SASSTOWN, Grand Kru – A nurse in charge of the Nimene Maternity Hospital in Sasstown is raising alarm that the southeastern health facility faces a dire shortage of essential medical supplies.
Sonnie Massaquoi told reporters on May 1 that the drug shortage poses a risk to the average of 50 patients the facility serves each day.
The hospital is open daily for 24 hours, Massaquoi said, and it deals with maternal and child health issues, sometimes offering free surgical services. Although the Ministry of Health makes an effort to distribute drugs regularly to facilities, those supplies tend to be insufficient.
“We received drugs last week Wednesday, but it came in small quantity,” she said, noting that the paracetamol that the ministry delivered lasted for less than a week.
Besides drug shortages, the nurse added that the facility lacks some medical tools, and its laboratory did not have all the necessary equipment. She also said the maternity hospital does not have an ambulance of its own to respond to emergency cases. However, the county health team has two ambulances to service all of Grand Kru after the World Health Organization donated one vehicle.
The Sasstown hospital participates in a program that provides family planning services and education to promote good sexual reproductive health among adolescents to reduce teenage pregnancies. However, Massaquoi said a lack of mobility options is a stumbling block for the outreach program. Despite the challenges, she noted that the facility had made a significant impact on reducing teenage pregnancies within the health district.
Massaquoi did not confirm whether the facility had received any recent budgetary support from the government, but in the past, the Liberian government has been notoriously delinquent in providing funds to health facilities the legislature already approved in the National Budget. One reason for this is the unending issue of budget shortfalls.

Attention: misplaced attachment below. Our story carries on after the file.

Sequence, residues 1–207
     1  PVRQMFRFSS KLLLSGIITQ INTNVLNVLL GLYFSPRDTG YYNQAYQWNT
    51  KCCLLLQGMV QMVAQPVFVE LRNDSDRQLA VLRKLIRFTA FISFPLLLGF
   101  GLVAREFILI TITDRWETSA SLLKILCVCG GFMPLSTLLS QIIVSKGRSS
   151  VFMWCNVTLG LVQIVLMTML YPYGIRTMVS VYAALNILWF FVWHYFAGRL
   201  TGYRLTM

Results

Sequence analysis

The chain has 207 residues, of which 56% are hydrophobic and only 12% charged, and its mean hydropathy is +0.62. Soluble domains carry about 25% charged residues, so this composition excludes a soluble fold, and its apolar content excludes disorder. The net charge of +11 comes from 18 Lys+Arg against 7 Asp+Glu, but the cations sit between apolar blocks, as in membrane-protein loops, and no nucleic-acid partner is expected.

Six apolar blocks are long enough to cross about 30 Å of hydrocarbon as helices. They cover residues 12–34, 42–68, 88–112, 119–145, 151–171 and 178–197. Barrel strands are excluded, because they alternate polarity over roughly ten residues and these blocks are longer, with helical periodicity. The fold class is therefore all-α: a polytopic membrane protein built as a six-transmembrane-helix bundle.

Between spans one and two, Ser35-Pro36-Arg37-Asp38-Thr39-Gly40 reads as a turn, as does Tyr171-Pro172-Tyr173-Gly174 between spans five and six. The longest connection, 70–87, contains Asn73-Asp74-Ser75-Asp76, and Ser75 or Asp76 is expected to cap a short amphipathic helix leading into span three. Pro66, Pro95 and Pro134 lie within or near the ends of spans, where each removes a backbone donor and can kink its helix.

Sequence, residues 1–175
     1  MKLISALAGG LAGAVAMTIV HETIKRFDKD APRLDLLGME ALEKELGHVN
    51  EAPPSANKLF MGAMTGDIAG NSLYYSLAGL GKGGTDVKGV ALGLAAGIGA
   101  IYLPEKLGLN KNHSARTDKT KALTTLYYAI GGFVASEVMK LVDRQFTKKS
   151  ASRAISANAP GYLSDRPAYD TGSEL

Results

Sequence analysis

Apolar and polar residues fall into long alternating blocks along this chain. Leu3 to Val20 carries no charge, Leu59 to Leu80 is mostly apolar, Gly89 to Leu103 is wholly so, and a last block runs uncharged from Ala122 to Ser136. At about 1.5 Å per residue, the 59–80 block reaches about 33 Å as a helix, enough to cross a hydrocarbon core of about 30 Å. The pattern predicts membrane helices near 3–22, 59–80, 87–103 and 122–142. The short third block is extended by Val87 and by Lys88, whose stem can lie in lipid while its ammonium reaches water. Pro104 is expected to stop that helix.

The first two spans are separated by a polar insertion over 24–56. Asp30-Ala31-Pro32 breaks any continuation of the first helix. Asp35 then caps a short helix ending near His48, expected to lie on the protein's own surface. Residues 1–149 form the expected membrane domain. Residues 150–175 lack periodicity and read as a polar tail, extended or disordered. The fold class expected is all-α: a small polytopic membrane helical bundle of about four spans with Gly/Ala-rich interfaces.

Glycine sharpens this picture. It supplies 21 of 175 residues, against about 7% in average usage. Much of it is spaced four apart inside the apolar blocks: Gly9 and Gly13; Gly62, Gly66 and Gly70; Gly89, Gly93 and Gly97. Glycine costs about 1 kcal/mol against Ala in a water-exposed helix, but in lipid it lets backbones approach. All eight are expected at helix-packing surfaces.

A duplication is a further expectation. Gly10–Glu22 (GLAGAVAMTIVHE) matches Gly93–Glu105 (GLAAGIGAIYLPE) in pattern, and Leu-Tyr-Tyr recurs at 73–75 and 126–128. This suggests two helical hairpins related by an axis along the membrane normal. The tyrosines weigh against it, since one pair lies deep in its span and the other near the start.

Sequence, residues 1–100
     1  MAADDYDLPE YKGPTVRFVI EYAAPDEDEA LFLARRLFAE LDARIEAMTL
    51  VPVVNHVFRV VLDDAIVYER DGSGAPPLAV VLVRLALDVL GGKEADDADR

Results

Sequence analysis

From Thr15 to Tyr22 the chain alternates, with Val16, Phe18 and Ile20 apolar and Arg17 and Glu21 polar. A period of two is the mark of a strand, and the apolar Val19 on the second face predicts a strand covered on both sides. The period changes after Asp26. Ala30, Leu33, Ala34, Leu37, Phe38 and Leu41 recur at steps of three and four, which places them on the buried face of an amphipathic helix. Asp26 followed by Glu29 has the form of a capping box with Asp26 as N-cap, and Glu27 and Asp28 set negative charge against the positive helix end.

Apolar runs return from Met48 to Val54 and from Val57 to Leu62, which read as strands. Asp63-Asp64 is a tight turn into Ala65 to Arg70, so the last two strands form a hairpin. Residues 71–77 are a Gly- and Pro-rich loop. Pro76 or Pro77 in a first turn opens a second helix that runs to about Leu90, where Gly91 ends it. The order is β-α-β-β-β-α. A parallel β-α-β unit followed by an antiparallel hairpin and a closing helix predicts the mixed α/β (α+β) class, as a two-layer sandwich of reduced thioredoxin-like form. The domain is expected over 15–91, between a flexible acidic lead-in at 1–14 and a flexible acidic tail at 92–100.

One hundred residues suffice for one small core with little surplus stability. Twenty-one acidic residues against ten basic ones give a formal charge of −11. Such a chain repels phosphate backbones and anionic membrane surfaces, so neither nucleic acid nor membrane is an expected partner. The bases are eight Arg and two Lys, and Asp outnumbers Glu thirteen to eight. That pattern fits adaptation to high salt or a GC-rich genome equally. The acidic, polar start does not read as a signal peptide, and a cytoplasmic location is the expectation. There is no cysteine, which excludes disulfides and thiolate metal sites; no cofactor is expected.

Massaquoi noted that Deputy House Speaker Fonti Koffa, who hails from Sasstown along with Pres. George Weah, had sought to aid the hospital by providing a generator, but the facility lacks funds to purchase fuel to run the machine.
She appealed to the Health Ministry to at least ensure timely distribution of drugs to her facility to allow the hospital to continue to provide effective services in Grand Kru.
It has become routine for Liberian health facilities to complain of limited supplies every year. The government has simply not found a way to fund public health facilities adequately. Even so, a national policy exists that prevents public facilities from charging for services. Last year, Grand Bassa residents adopted a resolution seeking to begin imposing fees at the largest public hospital in the county, the Buchanan Government Hospital. They proposed charging L$75 (US$0.39) for registration for adults, while children above five years would be charged L$50 (US$0.26). There would be no registration charges for pregnant women and children under five years of age. Moreover, patients would receive drugs at no cost, although laboratory fees would be an extra L$250 (US$1.31). That proposal still needs to be approved by the Ministry of Health.
Featured photo by James Suah